So let it be written…
Will the meek inherit Ottawa? Or the undeserving?
This all depends on how many voters are prepared to send strangers to Parliament come Oct. 19.
The electorate, of course, should be afforded some idea as to who the people whose names appear on the ballot sheets really are. And this, of course, requires candidates to make their ideas and principles available for public scrutiny.
Ducking all-candidates meetings is not leadership. It’s cowardice.
I’m not talking about political candidates unavoidably missing a meeting here or there, because hey, life happens and sometimes you’ve just got to be elsewhere.
What I am talking about is when candidates seeking public office shrinkingly acquiesce to dictates from political campaign potentates to keep a low public profile in a cynical effort to avoid controversy and, therefore, accountability.
These kinds of candidates generally don’t speak with the media, and don’t participate in public debates like all-candidates’ meetings. It would seem they hope the electorate, whom they allegedly aspire to serve, would rather mark an “X” beside a stranger’s name than that of somebody who has bothered to take a risk and stand out for what they believe and represent.
Usually, the scrutiny dodgers are candidates being fielded by the current governing party which, by virtue of that, has a record to defend.
On one hand there is rigorous, healthy defence which should be no problem to stage for those who have something worthy of defending. On the other hand, you have sneakiness and sloth…maybe if I bury my head in the sand like an ostrich, my critics will go away and new ones won’t be born.
There’s been recent debate as to whether the Conservative campaign engine has instructed its MP candidates to avoid public scrutiny by avoiding reporters and public debates. Writes Ryan Maloney, of Huffington Post Canada, “Conservative candidates are reportedly being urged to skip all-candidates meetings and avoid talking to the media – a strategy the party employed four years ago en route to capturing a majority government.”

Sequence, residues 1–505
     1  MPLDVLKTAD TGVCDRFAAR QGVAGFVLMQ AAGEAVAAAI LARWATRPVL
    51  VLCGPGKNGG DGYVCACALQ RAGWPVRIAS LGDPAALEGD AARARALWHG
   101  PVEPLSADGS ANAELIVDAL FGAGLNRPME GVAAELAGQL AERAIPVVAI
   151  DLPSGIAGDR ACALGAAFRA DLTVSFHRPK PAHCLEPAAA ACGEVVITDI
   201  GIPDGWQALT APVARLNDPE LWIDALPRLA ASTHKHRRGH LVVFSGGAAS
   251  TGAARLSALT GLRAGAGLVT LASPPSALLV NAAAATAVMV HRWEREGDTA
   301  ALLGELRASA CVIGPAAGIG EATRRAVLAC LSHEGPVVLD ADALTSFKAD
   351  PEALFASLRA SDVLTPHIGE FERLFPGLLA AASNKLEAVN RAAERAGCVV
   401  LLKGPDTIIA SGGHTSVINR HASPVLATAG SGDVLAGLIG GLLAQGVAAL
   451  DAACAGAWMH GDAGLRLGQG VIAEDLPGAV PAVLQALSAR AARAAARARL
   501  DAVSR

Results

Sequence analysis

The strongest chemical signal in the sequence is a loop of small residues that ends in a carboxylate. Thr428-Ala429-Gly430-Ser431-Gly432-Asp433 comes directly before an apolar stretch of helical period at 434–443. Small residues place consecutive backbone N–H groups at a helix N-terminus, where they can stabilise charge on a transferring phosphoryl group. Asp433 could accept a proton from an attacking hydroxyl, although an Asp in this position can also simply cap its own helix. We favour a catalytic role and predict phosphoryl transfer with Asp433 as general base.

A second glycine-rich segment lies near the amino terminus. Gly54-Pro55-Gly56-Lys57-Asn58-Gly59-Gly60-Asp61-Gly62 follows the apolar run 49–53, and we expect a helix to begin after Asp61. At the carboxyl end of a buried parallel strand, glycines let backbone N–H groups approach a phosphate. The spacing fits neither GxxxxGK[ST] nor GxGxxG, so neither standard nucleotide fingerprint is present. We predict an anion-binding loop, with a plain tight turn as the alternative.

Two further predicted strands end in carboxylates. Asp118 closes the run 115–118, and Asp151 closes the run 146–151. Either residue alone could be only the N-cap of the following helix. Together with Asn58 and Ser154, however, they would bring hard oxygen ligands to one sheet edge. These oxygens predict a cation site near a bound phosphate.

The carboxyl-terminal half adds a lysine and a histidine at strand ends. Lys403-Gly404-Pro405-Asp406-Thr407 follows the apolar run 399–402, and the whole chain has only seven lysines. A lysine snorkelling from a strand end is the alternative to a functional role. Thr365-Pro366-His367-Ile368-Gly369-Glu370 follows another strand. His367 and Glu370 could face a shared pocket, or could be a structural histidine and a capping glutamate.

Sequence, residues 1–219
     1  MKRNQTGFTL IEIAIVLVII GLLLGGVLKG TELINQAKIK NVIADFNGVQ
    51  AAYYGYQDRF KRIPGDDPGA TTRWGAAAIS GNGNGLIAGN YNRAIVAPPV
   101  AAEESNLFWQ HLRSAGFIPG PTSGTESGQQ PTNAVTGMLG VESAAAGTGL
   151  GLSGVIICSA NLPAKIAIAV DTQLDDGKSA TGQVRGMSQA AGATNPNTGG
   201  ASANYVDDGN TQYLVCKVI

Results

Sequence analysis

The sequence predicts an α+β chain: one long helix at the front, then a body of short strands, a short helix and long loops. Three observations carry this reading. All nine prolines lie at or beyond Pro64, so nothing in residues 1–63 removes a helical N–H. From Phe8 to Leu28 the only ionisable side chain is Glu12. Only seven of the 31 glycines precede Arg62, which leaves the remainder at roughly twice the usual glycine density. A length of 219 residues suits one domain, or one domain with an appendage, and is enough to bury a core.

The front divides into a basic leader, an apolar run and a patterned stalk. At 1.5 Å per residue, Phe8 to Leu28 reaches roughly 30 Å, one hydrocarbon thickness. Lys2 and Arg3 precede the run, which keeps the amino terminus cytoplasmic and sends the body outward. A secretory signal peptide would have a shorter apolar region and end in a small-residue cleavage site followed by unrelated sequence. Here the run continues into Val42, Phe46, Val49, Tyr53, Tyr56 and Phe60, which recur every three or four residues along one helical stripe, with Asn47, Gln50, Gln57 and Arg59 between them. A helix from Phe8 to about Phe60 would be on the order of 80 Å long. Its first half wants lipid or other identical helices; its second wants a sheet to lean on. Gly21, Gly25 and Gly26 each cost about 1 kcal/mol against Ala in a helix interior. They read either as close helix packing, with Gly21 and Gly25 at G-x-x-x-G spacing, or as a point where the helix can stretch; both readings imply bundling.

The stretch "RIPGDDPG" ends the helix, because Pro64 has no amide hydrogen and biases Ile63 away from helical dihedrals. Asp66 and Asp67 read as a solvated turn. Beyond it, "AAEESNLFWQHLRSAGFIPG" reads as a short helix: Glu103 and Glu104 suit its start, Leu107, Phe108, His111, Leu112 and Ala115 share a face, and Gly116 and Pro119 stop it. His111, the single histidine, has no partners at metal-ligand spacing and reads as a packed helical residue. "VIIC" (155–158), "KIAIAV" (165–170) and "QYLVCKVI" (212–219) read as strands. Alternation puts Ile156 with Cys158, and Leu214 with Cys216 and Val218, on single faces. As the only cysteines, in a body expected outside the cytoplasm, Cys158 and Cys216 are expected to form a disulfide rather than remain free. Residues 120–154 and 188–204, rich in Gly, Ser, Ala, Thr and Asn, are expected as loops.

Others, though, say this is a myth. Kate Heartfield, of the Ottawa Citizen, writes that “reports of Conservative disdain for all-candidates’ meetings are greatly exagerated.”
Whatever the case, there certainly does appear to be truth to the alleged Conservative cone of silence.
At least one writer has found themselves asking “Dude, where’s my Tory?”
Indeed, local Tory MPs have drawn some unflattering press over the years.
The Globe and Mail’s clever headline “Nina Grewal’s degree in political silence” comes to mind. I imagine that one still bites down on the veteran MP for Fleetwood-Port Kells.
More recently, Delta Conservative MP Kerry-Lynne Findlay starred in a Delta Optimist story under the headline “Incumbent too busy for forum.” She was the only political candidate, in the riding she represents, who didn’t participate in an all-candidate’s meeting at the Ladner Community Centre.
And this week, Surrey NDP MP Jasbir Sandhu took a shot over the bow of his Conservative rival Sucha Thind, in Surrey Centre.
Sandhu pressed ‘send’ on an electronic smack-down that took the Tory candidate to task for missing an all-candidates meeting sponsored by the Downtown Surrey Business Improvement Association, failing to answer their questionnaire, and missing a candidates’ forum on U.S. Thermal Coal in June.
“If candidates aren’t accessible and willing to share their opinions with the voters that they are hoping to represent,” Sandhu posited, “how can the residents of Surrey trust them to advocate for the needs of our community in Ottawa?”
Thind did attend the Surrey Board of Trade all-candidates meeting last Thursday night, however. So there’s that. In fact, that meeting was well-attended by all parties.
But not one Tory attended the only Surrey-wide all-candidates meeting on homelessness Tuesday night in Whalley. They didn’t even respond to the invite.
Four NDP candidates and one Liberal candidate were there.
Obviously, political candidates are not strictly obliged to attend all-candidates’ meetings.
They might indeed believe their time is better spent door-knocking, or working the phones or social media.
And that’s all well and fine. Some might think, and with reason, that there’s no new minds and hearts to be won at all-candidates meetings because oftentimes the audience is top-heavy with partisans and folk who’ve already made up their minds who they’ll vote for.
But – BUT – if a candidate avoids public exposure as part of a strategy, either personal or spawned by their party, to not make waves, avoid criticism and hide weakness, for shame.
To those political candidates who would hide, hoping to win by default, you are engaged in an election campaign, not a lottery.
If you’re going to get yourself elected, earn it.
Don’t slip under the wire like a thief in the night.
So let it be done
Tom Zytaruk is a staff writer with the Now. He can be reached via email at firstname.lastname@example.org